Arlington in Arlington County, Virginia — The American South (Mid-Atlantic)
Clay and Randolph Duel
Erected 2000 by Department of Historic Resources. (Marker Number C-1.)
Location. 38° 55.549′ N, 77° 7.283′ W. Marker is in Arlington, Virginia, in Arlington County. Marker is on North Glebe Road (Virginia Route 120) near North Randolph Street. Located in the triangle formed by North Glebe Road, Randolph Street, and North Richmond Street. Touch for map. Marker is in this post office area: Arlington VA 22207, United States of America. Touch for directions.
Other nearby markers. At least 8 other markers are Communications along the Defensive Line (about 800 feet away, measured in a direct line); Fort Ethan Allen—What to Look For (about 800 feet away); Lives of the Soldiers (approx. 0.2 miles away); Protecting the Fort (approx. 0.2 miles away); The View in 1865 (approx. 0.2 miles away); A Defensive Artillery Fort (approx. 0.2 miles away); A Bastion-Style Fort Is a Mighty Fortress (approx. 0.2 miles away); A Defensive Stronghold, Heavily Armed (approx. 0.2 miles away). Touch for a list and map of all markers in Arlington.
Regarding Clay and Randolph Duel. The general location of the duel described was near the present day Chain Bridge Road, where Pimmit Run empties into the Potomac River.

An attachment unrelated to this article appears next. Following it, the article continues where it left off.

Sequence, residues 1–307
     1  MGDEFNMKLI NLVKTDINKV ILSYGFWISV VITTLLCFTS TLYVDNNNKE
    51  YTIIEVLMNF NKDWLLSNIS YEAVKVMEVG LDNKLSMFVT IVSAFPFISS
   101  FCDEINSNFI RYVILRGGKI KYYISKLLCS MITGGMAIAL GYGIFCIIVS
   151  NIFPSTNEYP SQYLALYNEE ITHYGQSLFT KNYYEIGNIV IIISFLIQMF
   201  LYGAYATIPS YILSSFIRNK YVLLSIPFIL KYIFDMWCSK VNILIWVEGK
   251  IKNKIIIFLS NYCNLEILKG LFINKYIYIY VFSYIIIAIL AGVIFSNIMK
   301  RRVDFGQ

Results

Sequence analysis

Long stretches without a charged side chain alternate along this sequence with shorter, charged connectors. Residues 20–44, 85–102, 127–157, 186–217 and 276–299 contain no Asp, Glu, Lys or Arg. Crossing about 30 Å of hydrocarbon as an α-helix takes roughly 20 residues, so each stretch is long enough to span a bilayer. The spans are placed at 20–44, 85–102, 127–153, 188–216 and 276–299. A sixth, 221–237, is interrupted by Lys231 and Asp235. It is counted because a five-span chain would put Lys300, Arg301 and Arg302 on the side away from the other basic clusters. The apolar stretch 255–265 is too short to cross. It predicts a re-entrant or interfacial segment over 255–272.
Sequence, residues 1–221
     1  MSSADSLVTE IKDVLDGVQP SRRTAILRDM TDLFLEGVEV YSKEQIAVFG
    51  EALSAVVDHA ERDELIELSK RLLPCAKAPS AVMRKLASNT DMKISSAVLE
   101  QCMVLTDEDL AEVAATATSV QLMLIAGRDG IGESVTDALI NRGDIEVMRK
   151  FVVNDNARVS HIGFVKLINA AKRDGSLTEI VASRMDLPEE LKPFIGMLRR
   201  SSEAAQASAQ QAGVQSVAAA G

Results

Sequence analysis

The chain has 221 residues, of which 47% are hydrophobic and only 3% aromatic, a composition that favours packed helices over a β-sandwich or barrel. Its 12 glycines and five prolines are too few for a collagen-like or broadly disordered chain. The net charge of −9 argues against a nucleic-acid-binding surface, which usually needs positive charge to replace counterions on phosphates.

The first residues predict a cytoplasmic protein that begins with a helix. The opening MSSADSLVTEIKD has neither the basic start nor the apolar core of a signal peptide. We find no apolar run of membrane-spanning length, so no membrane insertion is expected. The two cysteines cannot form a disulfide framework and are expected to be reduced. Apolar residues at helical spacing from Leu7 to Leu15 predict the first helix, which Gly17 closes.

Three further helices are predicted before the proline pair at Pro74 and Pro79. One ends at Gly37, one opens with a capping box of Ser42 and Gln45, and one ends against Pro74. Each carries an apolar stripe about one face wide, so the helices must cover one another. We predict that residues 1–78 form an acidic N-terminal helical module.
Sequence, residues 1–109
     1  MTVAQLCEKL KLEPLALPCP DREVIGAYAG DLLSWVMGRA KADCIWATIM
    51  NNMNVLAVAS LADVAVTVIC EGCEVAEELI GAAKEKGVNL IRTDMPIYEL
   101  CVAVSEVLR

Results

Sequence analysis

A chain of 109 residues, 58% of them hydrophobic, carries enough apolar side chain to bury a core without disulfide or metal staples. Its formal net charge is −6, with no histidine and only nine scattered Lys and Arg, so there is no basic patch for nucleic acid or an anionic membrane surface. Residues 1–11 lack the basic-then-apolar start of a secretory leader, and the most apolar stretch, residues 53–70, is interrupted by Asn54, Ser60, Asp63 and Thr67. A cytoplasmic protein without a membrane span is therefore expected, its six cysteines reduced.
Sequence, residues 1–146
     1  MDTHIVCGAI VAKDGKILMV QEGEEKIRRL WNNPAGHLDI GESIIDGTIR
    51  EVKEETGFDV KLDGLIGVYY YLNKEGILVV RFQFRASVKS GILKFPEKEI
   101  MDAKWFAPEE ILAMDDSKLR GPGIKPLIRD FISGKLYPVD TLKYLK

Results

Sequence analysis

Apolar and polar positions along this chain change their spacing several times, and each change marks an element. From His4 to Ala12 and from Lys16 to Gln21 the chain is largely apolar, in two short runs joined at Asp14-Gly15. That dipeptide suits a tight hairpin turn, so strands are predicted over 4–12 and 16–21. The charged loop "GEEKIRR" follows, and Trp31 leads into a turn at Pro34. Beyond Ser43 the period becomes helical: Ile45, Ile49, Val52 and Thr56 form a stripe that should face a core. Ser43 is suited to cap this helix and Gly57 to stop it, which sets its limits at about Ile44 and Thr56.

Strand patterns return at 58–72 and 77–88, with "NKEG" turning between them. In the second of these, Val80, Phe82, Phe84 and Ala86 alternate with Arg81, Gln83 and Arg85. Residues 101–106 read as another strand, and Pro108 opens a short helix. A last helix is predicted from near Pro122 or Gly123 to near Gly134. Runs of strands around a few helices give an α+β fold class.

This marker replaces a previous C 1 which stood along Chain Bridge Road (Route 123) near the county line. That marker read, “Near here Henry Clay and John Randolph of Roanoke fought a duel April 8, 1826. Randolph had called Clay a ‘blackleg’ in a speech. Both men were unhurt, but Randolph’s coat was pierced by a bullet.”
At the time the term “blackleg” was used to describe one who cheats at cards.
Also see . . . Thomas Hart Benton in Defense of Dueling. (Submitted on September 4, 2007, by Craig Swain of Leesburg, Virginia.)
Categories. Notable Persons • Politics •
More. Search the internet for Clay and Randolph Duel.
Credits. This page was last revised on June 16, 2016. This page originally submitted on September 4, 2007, by Craig Swain of Leesburg, Virginia. This page has been viewed 2,992 times since then and 93 times this year. Photos: 1, 2. submitted on September 4, 2007, by Craig Swain of Leesburg, Virginia. 3. submitted on January 11, 2016, by Allen C. Browne of Silver Spring, Maryland. 4. submitted on November 5, 2007, by Craig Swain of Leesburg, Virginia. • J. J. Prats was the editor who published this page.